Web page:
Born: Jan­u­a­ry 20, 1807, Port­land, Maine.

Died: Jan­u­a­ry 29, 1867, Corn­wall-on-Hud­son, New York. Four days lat­er, the day of his fun­er­al, all book­stores in the ci­ty were closed as a tok­en of re­spect. His pall­bear­ers in­clud­ed Long­fel­low, James Rus­sell Low­ell, Ol­iv­er Wen­dell Holmes, Sam­u­el Grid­ley Howe, and James Tho­mas Fields.

Buried: Mt. Au­burn Ce­me­te­ry, Cam­bridge, Mas­sa­chu­setts.



Willis’ fa­ther and grand­fa­ther, both named Na­than­i­el Will­is, were well known pub­lish­ers.

His grand­fa­ther had been an ap­pren­tice in the same of­fice as Ben­ja­min Frank­lin, and his fa­ther founded the Bos­ton Re­cord­er—said to be the first re­li­gious news­pa­per ev­er pub­lished—and the Youth’s Com­pan­ion.

Nathaniel mar­ried twice, first to Mary Leigh­ton Stace, daugh­ter of Com­mis­sa­ry-Gen­er­al Will­iam Stace, an of­fi­cer who served at Wa­ter­loo. Af­ter her death in 1846, he mar­ried Cor­ne­lia Grin­nell, on­ly daugh­ter of Jo­seph Grin­nell of New Bed­ford, Mas­sa­chu­setts.

Nathaniel’s sis­ter, Jayne Pay­son Will­is, wife of his­tor­i­an James Par­ton, was a writ­er al­so, un­der the pseu­do­nym of Fan­ny Fern. His bro­ther was Ri­chard Storrs Will­is.

Before he en­tered col­lege, Will­is won a $50 prize for best po­em, in a con­test of­fered by pub­lish­ers of the time. Wil­lis at­tend­ed Yale Col­lege, New Ha­ven, Con­nec­ti­cut, and while there pub­lished a ser­ies of Scrip­tur­al Sketch­es in verse.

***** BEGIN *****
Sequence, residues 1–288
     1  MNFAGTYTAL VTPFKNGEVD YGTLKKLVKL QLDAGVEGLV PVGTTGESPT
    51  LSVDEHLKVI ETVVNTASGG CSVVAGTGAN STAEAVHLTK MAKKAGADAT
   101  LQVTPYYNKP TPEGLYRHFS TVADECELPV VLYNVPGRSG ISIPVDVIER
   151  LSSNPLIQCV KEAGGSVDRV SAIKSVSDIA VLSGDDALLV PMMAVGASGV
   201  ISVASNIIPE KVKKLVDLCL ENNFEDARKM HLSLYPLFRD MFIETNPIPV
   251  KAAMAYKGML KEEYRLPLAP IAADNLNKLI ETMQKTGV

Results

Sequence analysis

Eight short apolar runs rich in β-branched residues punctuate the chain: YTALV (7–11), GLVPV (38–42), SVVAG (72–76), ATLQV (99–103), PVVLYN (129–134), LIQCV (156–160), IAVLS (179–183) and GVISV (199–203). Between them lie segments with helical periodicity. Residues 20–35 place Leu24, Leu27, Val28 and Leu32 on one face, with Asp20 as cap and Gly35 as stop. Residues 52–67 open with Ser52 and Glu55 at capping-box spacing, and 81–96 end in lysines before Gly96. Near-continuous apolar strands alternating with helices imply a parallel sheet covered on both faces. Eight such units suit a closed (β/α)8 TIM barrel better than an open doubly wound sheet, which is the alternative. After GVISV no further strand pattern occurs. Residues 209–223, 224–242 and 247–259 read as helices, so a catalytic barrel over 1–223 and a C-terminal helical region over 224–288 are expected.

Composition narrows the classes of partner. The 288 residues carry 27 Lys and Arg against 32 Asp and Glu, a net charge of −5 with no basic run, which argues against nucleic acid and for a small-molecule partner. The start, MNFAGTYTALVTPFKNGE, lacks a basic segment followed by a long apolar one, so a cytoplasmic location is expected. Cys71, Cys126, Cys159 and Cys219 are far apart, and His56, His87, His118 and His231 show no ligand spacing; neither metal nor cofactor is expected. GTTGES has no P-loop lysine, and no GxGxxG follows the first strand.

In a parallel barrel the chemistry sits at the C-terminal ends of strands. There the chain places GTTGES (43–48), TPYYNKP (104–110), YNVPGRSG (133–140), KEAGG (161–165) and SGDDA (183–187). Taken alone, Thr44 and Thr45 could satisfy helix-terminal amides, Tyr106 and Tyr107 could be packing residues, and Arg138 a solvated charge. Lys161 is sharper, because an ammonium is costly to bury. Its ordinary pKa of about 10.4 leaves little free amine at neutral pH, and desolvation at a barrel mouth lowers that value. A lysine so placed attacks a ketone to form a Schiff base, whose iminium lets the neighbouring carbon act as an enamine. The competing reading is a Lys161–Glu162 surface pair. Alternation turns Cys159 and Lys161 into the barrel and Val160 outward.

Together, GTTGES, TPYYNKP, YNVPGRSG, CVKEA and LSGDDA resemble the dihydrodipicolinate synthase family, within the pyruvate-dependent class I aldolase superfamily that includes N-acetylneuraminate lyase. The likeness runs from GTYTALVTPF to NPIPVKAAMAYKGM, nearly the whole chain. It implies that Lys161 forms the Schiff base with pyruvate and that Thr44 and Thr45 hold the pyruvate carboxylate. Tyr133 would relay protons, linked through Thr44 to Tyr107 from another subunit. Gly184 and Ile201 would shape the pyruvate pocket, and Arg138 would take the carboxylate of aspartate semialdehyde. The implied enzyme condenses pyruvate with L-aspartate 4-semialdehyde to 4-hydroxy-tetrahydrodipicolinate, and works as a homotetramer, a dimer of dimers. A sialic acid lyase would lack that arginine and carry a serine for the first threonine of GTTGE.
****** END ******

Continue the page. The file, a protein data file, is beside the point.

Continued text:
After gra­du­at­ing from Yale in 1827, he found­ed and wrote for a time for the Am­er­i­can Month­ly ma­ga­zine, and was an ov­er­seas cor­res­pond­ent for the New York Mir­ror. He was then at­tached to the Am­er­i­can le­ga­tion at the French court.

His stay in Eur­ope ex­tend­ed from 1831 to 1837, and on his re­turn, he be­came in 1839 an ed­it­or of The Cor­sair.

The same year, he and George P. Mor­ris es­tab­lished the Home Jour­nal (later re­named Town & Coun­try), to which Will­is con­trib­ut­ed un­til his death. He was one of the high­est paid ma­ga­zine writ­ers of his day.


Willis wrote 27 vol­umes of po­et­ry and prose, in­clud­ing: